Dr Phil O'Brien
All the major parties’ manifestos for the 2015 general election acknowledged the existence of a housing shortage, something long known by the RTPI and by planners working in the UK. The gap between the number of houses built and measures of demand, indicated by the relative affordability of housing, has in recent years prompted increased attention from researchers from a mainstream (or neoclassical) economics perspective.
While this body of work has gone some way to quantifying the costs imposed by low rates of house building, it can be regarded as limited both in respect to its evaluation of the planning system (by focusing largely on its regulatory aspect), and in its simplification of complex sequences of decision-making such as household choice and development control decisions.
With regards to the former limitation, the economic role played by planning is much greater than that embodied in its regulatory function. Most neoclassical assessments of the role of planning regard its social benefits as essentially unquantifiable; instead they concentrate on the ‘costs’ attributable to the restriction of land use, which are regarded as a by-product of this regulatory function.
However, the RTPI’s research programme exploring the economic value of planning takes an alternative viewpoint. As part of this work, Professor David Adams’ and Professor Craig Watkins’ 2014 research paper The Value of Planning discussed the various economic roles played by planning, suggesting that the ability of planning to contribute to growth is widely underestimated. In fact, the regulatory aspect that has been the focus of mainstream economics analyses of planning is only one of a range of mechanisms through which planning influences economic outcomes. Others include shaping markets (for example, through the development of plans and strategies), and a stimulating role through which planning facilitates the operation of markets via tools such as land assembly and public-private development partnerships.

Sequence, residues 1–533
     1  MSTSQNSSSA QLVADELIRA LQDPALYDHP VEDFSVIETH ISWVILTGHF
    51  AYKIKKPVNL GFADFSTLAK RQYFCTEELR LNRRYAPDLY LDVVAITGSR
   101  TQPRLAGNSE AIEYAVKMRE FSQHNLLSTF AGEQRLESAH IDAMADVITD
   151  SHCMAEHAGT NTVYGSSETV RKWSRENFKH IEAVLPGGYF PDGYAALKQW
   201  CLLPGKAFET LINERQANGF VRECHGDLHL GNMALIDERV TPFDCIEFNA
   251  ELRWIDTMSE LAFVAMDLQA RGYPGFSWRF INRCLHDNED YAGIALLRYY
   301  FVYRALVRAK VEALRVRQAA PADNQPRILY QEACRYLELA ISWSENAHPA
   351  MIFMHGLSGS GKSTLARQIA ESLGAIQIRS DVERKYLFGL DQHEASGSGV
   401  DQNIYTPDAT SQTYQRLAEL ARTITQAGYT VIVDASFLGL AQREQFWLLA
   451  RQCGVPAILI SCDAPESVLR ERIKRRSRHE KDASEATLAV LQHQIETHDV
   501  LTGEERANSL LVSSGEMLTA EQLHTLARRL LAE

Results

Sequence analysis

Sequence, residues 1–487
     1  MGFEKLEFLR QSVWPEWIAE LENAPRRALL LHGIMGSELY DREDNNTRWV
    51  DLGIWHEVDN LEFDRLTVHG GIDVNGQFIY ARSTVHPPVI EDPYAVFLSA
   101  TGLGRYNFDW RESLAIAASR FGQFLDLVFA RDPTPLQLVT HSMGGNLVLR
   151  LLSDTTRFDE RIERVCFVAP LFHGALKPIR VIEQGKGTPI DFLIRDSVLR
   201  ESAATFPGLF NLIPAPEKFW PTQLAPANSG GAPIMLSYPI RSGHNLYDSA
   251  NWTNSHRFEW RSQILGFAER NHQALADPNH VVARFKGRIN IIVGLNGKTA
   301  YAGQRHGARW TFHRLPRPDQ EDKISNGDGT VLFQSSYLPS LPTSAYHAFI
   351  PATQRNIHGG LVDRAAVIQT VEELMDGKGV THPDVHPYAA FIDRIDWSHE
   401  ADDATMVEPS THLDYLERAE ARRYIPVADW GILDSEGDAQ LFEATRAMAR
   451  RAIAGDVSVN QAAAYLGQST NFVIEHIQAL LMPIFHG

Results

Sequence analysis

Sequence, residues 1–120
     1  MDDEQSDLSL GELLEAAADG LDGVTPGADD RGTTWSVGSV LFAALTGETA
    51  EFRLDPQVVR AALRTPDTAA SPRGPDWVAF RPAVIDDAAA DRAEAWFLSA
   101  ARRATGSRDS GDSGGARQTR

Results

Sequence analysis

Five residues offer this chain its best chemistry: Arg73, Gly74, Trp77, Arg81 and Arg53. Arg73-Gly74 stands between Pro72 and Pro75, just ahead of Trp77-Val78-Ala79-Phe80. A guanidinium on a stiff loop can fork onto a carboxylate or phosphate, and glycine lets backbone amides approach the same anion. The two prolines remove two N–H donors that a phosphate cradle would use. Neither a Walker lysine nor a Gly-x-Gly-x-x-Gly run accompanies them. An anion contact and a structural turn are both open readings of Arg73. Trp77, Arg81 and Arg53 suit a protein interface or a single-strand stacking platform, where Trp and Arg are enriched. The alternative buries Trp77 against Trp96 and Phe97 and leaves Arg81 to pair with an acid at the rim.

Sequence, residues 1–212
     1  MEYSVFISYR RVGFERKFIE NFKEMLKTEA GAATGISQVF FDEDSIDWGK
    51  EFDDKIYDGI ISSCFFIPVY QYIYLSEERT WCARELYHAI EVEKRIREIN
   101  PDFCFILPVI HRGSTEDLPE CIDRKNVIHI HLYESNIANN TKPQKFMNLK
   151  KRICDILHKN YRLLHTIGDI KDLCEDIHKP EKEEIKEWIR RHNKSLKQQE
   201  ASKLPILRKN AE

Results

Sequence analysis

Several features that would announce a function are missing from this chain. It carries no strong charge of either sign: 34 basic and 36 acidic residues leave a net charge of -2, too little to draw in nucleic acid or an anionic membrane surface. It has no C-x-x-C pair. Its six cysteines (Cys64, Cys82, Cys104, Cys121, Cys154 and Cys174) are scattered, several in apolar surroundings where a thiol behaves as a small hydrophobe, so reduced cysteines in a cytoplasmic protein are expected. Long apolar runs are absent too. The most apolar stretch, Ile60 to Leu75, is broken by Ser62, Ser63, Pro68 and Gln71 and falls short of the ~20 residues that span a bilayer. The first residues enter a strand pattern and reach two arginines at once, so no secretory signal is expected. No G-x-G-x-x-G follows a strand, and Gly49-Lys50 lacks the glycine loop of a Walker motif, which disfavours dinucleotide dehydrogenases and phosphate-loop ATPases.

With regard to the oversimplification of decision-making processes in housing and planning, the restrictive assumptions made by mainstream economics approaches, such as those that treat houses as interchangeable consumer goods and house buyers as ‘rational optimisers’ who always seek the best available alternative, can be questioned by behavioural economics.
Behavioural economics is a branch of economics that uses insights from behavioural psychology to explore the decision-making of economic actors. In contrast to the uniform rationality assumed by neoclassical economics, behavioural economics regards economic actors as operating within a so-called ‘bounded rationality’, in which decision-making is influenced by routines, institutional contexts and emotions. Such an approach frames the decision-making process in terms of more human complexities, such as desires for fairness, reciprocity, risk aversion, personal or idiosyncratic preferences (often called ‘non-standard preferences’), and emotive or even illogical biases (known as ‘systematic biases’).
As a result, decisions are sometimes made using rules of thumb rather than strict logic, especially under conditions of uncertainty. Institutional and social contexts offer rules and norms that are adhered to by individuals whose behaviour, constrained by their desire to fit within social norms and structures, serves to maintain these same structures.